New DLC Report: Energy Savings Potential of DLC Commercial Lighting and Networked Lighting Controls - Energy Watch News


New DLC Report: Energy Savings Potential of DLC Commercial Lighting and Networked Lighting Controls

New research demonstrates energy savings potential that can significantly reduce our energy load over the next ten years and beyond. Energy saving opportunities for residential utility lighting programs will soon be largely exhausted due to growing market saturation and EISA federal standards set to take effect in 2020. Commercial and industrial (C&I) utility lighting programs, however, face a very different fate. The type of product addressed by EISA – screw base lighting – accounts for only 10% of fixtures and sockets installed in C&I buildings versus 90% of residential. Lighting product types used by C&I facilities are primarily indoor linear fixtures (72% of installed products). In each C&I product category, the large installed base coupled with relatively low LED market saturation offers significant potential for future energy savings, particularly when paired with networked lighting controls. Regardless of state or region, a path exists to maintain C&I lighting portfolios at or above current levels until at least 2028. https://www.designlights.org

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2 comments on “New DLC Report: Energy Savings Potential of DLC Commercial Lighting and Networked Lighting Controls

  1. Rod Heller says:

    I reviewed the case studies and was blown away at the energy savings attributed to controls. If we did that poorly on reducing energy consumption with a lighting upgrade, we would be out of business. Adding controls saves a minimal amount and typically pushes the pay back out longer.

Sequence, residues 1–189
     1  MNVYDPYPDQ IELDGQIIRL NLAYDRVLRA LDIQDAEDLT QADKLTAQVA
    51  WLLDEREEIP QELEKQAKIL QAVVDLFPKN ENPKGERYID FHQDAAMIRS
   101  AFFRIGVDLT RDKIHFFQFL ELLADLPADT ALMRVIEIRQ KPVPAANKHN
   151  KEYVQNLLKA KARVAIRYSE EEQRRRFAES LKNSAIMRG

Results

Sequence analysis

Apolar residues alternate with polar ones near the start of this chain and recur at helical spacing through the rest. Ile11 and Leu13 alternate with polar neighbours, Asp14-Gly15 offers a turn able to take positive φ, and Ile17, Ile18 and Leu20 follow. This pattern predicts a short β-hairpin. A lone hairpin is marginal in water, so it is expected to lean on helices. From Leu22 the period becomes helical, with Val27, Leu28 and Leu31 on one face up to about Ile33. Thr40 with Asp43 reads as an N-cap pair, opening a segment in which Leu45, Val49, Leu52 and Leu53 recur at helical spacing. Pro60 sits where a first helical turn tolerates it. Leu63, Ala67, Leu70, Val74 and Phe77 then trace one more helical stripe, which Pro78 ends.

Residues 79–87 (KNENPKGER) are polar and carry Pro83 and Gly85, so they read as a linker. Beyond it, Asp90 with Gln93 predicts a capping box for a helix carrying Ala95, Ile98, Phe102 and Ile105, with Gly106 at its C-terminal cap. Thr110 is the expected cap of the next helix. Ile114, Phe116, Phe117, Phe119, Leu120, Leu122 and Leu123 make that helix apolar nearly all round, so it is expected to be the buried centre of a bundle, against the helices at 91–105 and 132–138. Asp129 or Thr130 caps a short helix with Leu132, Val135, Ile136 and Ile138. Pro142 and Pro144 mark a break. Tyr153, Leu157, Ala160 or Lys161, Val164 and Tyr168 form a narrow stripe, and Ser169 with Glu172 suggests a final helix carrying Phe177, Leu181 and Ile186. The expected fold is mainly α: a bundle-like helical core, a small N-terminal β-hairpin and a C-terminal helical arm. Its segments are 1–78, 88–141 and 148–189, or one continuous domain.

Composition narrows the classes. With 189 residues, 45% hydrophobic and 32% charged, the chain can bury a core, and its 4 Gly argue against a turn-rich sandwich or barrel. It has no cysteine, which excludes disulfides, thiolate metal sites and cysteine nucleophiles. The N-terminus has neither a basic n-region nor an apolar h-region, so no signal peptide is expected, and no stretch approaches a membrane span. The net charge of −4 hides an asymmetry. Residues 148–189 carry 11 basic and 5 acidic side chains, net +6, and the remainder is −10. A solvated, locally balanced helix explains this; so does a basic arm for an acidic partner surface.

In a school or office environment, we are down to .25 watts/sq ft. How they get that much savings with sensors is beyond my knowledge. This is why I question the value of DLC. Just a toll gate looking to get money from manufacturers.

  2. Stan Walerczyk says:

    I totally agree with Rod Heller. I also reviewed the very flawed case studies, which some only had below a 40% wattage reduction with LEDs and often most of the savings were from high end trimming, which means the installed LED products were way too high wattage and lumen.

    Often with my 0.25 – 0.30 WSF proposals, I am seeing that energy saving controls have close to a 20 year payback, which is probably infinite, because they probably will not last that long and have to be replaced.

    Pacific Northwest National Laboratories has two good reports that show very little and sometime negative savings with occupancy sensors. Check out ‘Impacts of Commercial Building Controls on Energy Savings and Peak Load Reduction’ and ‘Advanced Lighting Control System Performance: A field Evaluation of Five Systems.

    Negative energy savings from occupancy sensors can be from ‘owned spaces’ where people used to do a good job turning the lights off when they left and then after occupancy sensors were installed, they allow for the automatic 10 – 15 minute delay to turn the lights off.

    I have seen some organizations provide up to a $50 rebate for luminaire level lighting controls, which if I was rate payer in those areas, would feel I am getting ripped off.

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